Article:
How To Build a Rustic Do-It-Yourself Farmhouse Table
Farmhouse tables…..they just scream home, family dinners, and nostalgia all in one.
Just about everyone loves farmhouse tables. I definitely fall into that camp, since I actually have one along with a built-in bench in my dining room.
The best part is that do-it-yourself farmhouse tables are pretty simple to make and can be relatively inexpensive too. You don’t even have to buy the wood- you can use salvaged and reclaimed pieces.
I think farmhouse tables are so beloved because of their versatility. Most rustic farmhouse table plans (like these) are fairly simple to modify so you can create the table that best fits your needs.
Whether you need the table to be longer, shorter or wider – it’s really as simple as removing a board and adjusting a few cuts based upon your modifications.
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The tables can also be customized with your choice of stain, trim, and seating. If you’re especially crafty you can get creative with built in drawers, storage options, or even decorative trim using a Dremel.
So gather your tools, your love of all things rustic, and let’s get to building the DIY farmhouse table of your dreams.
12″ Miter Saw
2.5 inch Pocket Screws
4 – 4×4 – 8 feet long
5 – 3/4″ to 1″ wood – 3 1/2″ wide x 22 1/4″ long
2 – 3/4″ to 1″ wood – 3 1/2″ wide x 62″ long
1 – table top 34” x 72” – use any combination of boards to get desired width and length
How to Build a Farmhouse Table
Step 1 – Show Some Leg
You have quite a few options when it comes to the design of the farm table legs. If you’re looking for simple, clean lines, just cut the legs to length and use the 4x4s square. It’s as simple as that.
Of course, some prefer style over simple. You also have the option to taper the two inside surfaces or you can choose to taper all four surfaces. The design pictured tapers all 4 sides using a band saw.
The cut line begins 4″ from the top and removes 1/2″ at the bottom. You can also choose to use levelers on the farm table legs to keep the wobbles out as pictured here.
Most table saws cannot cut a leg this thick without making at least 2 passes, so you should taper them using a band saw. This will leave a rougher finish which perfectly suits this rustic table.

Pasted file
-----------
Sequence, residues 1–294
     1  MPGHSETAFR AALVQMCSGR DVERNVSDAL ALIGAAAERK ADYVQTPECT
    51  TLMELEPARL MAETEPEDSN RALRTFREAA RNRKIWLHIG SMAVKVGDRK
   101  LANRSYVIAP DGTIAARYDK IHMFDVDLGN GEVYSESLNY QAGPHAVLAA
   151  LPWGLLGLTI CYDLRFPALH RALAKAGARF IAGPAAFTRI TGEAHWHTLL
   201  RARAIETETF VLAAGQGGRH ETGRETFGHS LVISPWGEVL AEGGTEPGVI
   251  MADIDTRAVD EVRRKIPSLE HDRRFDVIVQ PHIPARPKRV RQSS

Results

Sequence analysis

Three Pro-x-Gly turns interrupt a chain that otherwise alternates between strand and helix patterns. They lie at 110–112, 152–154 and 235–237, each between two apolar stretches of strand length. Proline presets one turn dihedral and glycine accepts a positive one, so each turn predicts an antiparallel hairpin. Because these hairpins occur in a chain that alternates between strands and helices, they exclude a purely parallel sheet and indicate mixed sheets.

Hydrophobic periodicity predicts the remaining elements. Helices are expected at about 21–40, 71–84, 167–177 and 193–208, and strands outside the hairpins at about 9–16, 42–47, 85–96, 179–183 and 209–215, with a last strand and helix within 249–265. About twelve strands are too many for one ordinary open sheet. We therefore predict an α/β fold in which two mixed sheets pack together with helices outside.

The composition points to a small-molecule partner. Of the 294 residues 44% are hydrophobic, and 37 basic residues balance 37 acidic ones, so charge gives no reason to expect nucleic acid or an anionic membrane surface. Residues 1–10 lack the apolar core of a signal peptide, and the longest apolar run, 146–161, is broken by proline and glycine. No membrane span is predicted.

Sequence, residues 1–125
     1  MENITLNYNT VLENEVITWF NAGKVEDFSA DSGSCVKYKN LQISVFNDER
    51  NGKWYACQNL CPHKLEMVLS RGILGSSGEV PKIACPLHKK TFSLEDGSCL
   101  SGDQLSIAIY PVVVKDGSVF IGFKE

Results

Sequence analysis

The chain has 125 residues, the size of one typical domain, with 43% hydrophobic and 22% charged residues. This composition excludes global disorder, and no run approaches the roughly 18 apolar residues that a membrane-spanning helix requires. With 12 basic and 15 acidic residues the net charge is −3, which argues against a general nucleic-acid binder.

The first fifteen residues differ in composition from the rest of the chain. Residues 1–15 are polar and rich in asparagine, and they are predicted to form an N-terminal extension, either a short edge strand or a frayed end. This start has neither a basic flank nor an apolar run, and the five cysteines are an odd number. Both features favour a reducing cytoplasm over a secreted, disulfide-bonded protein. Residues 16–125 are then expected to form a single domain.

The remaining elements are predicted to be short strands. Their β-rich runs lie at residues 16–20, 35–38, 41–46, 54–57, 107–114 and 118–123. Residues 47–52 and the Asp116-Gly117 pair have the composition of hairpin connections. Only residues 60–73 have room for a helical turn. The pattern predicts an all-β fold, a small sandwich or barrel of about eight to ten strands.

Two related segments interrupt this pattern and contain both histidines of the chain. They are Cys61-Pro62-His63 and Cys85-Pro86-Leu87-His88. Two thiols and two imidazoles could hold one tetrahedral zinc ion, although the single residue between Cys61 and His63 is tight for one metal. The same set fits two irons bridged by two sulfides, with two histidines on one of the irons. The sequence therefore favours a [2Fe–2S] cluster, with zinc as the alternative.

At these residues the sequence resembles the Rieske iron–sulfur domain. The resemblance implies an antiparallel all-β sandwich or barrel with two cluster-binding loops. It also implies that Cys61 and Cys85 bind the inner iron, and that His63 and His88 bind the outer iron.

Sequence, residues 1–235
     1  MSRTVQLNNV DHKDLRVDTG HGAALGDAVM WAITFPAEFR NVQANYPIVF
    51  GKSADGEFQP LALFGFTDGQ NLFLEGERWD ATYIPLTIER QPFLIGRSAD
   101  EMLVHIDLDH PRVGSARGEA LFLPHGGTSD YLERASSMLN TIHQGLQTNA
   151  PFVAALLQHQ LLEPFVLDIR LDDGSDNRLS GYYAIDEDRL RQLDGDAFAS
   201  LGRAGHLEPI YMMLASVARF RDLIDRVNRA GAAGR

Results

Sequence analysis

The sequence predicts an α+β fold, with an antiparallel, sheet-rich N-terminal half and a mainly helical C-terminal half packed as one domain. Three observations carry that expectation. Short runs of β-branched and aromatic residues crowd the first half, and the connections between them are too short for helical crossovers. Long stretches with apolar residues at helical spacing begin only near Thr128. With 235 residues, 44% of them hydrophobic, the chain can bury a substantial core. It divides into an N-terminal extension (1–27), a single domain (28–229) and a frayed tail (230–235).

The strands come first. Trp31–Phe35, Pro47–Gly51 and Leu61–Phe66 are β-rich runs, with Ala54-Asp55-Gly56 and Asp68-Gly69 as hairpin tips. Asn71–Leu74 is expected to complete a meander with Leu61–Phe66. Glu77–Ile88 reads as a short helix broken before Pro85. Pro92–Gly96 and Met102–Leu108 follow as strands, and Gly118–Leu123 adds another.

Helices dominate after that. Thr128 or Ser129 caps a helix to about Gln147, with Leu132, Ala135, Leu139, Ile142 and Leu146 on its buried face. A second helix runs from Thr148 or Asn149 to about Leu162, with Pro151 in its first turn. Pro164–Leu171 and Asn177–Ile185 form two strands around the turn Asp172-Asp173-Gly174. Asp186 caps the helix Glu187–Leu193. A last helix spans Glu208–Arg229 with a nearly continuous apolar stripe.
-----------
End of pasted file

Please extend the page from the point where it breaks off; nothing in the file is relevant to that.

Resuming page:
Use a jig with a runner so it can slide along the miter track of the band saw table. You can fashion one yourself using scrap wood.
Two hold downs will secure the leg to the jig. You’ll want to make sure to line up your mark on the bottom of the leg with the edge of the jig before clamping.
If using salvaged wood for this project, we suggest leaving the imperfections in the wood. It’s a rustic table and should reflect that so keep your pock marks, screw holes, and old paint. It just adds character!
Sanding the legs with 100 & 150 grit sandpaper will smooth them without removing all the saw marks. For added character, add a coat of chalk paint and 2 coats of clear Briwax.
The Briwax will yellow the finish and help give the paint an aged look. You can then sand the paint to distress it and show wear. There are also some great ideas on distressing wood using chains or paint techniques out there.
Pro Tip: Salvaged wood can come from many sources – keep an eye out for people getting rid of furniture or tearing down old barns, sheds, windows, or even doors. Many times it just takes a little creative genius and a few precise cuts to give this wood new life. Craigslist, FreeCycle, and Facebook groups are great resources for tracking down free wood. Plus, you can always just keep an eye on the curb before trash pickup.
Step 2 – Get Your Aprons and Start Cooking!
Table aprons or table skirts make up the sides of the table base and connect the legs. For this table, they will be 3 1/2″ wide and 22 1/4″ long across the ends and 62″ long down the sides.
To create a 34×72 inch table using 4×4 legs, the legs will end up inset about 2”. The table top is attached to the apron using metal clips with a kerf cut in for the clips in the back of the aprons.